A brief history of React Native

The story of React Native is quite fascinating: what started as Facebook’s internal hackathon project, in the summer of 2013, has since become one of the most popular frameworks. The first public preview was in January of 2015 at React.js Con. In March of 2015, Facebook announced at F8 that React Native is open and available on GitHub

The story behind React Native

After a little over a year, React Native’s growth and adoption rate doesn’t show any signs of slowing down. The statistics on Github repository are impressive: 991 contributors committed 7,903 times in 45 branches with 123 releases, and it’s 14th most starred repository on GitHub. Plus, it’s constantly updated; React Native is following a two-week train release, where a Release Candidate branch is created every two weeks.

Graph displaying number of React Native contibutions to master, excluding merge commits Graph displaying number of pull requests opened for React Native

React Native was backed up by two tech behemoths at this year’s F8 conference: both Microsoft and Samsung committed to bringing React Native to Windows and Tizen. In the near future, we can expect more Universal Windows Platform and Smart TV apps to be built with React Native.

With the support of both community and tech giants, it’s not a surprise that React Native is a trending topic and framework. For the first time in the past 12 months, search terms for React Native surpassed iOS and Android development according to Google Trends.

Google Trends graph displaying framework interest over time where React Native surpassed iOS and Android Development

Falling in love with React Native

Sometime in November 2015, we started to think about the future of Shoutem platform. After 5 years on the market, supporting thousands of individuals, SMBs and big enterprises building their apps, we knew we needed to take our app creator platform to another level. We faced two major problems: technology limitations and customer demand.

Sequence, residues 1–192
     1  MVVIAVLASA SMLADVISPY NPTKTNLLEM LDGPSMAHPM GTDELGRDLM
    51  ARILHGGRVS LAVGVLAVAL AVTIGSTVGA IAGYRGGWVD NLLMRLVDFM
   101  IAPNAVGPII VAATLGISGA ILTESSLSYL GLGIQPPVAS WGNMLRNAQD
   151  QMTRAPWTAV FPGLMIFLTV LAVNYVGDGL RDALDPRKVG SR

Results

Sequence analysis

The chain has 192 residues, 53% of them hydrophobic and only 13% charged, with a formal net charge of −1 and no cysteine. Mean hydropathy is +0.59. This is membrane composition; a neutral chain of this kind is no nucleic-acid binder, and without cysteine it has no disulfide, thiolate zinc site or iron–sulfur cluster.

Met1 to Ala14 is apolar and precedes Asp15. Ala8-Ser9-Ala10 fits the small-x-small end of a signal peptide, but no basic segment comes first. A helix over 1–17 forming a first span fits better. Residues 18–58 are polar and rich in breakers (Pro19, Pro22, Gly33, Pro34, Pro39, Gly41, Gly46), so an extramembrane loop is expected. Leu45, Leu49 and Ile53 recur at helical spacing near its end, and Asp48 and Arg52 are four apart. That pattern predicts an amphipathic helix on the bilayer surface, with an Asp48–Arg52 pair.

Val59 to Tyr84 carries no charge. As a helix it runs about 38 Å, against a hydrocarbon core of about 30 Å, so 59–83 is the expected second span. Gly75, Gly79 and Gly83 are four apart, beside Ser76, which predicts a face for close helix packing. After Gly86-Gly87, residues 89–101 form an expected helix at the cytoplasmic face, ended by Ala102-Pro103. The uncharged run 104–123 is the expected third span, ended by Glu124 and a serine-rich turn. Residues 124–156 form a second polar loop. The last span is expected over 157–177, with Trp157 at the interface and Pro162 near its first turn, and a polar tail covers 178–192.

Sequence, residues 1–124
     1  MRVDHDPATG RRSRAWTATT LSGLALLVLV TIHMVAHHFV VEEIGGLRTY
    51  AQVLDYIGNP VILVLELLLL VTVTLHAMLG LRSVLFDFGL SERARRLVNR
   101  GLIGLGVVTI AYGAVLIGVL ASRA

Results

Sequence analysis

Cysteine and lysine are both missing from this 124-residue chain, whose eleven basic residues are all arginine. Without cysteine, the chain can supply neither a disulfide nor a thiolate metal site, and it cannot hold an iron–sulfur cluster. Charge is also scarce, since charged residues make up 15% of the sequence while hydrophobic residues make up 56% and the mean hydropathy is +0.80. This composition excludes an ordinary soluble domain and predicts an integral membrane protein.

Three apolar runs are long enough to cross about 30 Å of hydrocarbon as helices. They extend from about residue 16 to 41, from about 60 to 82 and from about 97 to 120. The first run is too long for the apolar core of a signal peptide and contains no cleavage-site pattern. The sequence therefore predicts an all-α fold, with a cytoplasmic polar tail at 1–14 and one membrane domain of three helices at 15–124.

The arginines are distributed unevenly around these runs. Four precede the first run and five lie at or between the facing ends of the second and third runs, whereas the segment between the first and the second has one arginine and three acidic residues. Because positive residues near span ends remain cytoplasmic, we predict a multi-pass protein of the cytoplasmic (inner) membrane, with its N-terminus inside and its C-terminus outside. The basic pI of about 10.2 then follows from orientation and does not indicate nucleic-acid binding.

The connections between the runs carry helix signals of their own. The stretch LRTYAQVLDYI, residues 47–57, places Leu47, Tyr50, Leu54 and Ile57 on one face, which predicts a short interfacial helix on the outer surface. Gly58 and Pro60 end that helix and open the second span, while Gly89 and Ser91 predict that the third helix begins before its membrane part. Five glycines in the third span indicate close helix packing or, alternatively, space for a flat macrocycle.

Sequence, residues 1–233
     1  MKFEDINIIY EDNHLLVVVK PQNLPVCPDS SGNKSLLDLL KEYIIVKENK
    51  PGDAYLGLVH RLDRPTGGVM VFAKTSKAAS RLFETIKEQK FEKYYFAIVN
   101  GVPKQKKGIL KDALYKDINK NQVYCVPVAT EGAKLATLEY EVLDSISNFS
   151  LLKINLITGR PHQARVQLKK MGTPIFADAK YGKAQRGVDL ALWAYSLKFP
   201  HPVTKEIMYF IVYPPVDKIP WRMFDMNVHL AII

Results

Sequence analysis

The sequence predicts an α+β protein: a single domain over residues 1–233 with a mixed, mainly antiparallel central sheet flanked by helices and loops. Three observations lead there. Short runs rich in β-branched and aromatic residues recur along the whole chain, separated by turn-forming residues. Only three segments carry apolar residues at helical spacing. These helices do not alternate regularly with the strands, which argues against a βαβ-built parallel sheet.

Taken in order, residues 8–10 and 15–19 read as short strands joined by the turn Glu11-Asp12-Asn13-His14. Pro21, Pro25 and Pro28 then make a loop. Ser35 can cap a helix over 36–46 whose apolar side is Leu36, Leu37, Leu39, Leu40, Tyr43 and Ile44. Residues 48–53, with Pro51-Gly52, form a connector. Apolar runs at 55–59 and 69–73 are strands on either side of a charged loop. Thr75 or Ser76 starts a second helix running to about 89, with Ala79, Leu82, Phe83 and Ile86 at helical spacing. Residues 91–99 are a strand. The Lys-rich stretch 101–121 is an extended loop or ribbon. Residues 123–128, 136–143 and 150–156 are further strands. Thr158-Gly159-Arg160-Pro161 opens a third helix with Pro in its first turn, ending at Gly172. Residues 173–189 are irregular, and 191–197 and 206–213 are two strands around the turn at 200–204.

With our current platform technology – based on HTML5, Javascript, Cordova, and other solutions – we knew cross-platform could never achieve the level of performance of native apps

On the other hand, customers wanted greater customization freedom and more powerful apps. If you add the rise of SDKs, frameworks for web developers, high global competition, and automated app maintenance that will drive mobile app development prices down, it was the perfect time for a change.

React Native was an obvious choice for multiple reasons. It solved our current architectural problems while allowing us to achieve a level of performance that is indistinguishable from native apps built with Java or Objective-C

Another reason is that React Native is a cross-platform solution: we’re planning to open our platform to other developers in order to supercharge  development and build beautiful native apps for iOS and Android. Furthermore, React Native is super web developer friendly and doesn’t require learning native iOS and Android languages, or native APIs – learn once, write anywhere.

In the end, we also want to open Shoutem platform to other developers and give them the opportunity to extend platform functionalities with new extensions.

Once the new version of Shoutem is officially launched, customization of the apps will be almost endless. Think of it as a WordPress for mobile apps, where extensions behave in the same way as WordPress plugins.

Infographic displaying history of React Native seen by Shoutem

Shoutem UI Toolkit

React Native still isn’t at its peak, and in the near future we expect to see more amazing apps and community contributions that will blow our minds. Remember when we said we fell in love with React Native?

After months of intensive work, last week we finally went official and introduced the first part of the new Shoutem platform, open-source UI toolkit for React Native – an exhaustive UI component set with beautiful themes and animations.

The amount of positive reactions and feedback from the community was astonishing – acknowledgment from Christopher Chedeau, a test restaurant example with Exponent by Brent Vatne, and many others, as well as more than 900 on GitHub means we are on the right track. 

We cannot wait to show you a new version of Shoutem, but until we’re ready to officially launch it, we’d like to hear your feedback on our open-source UI toolkit.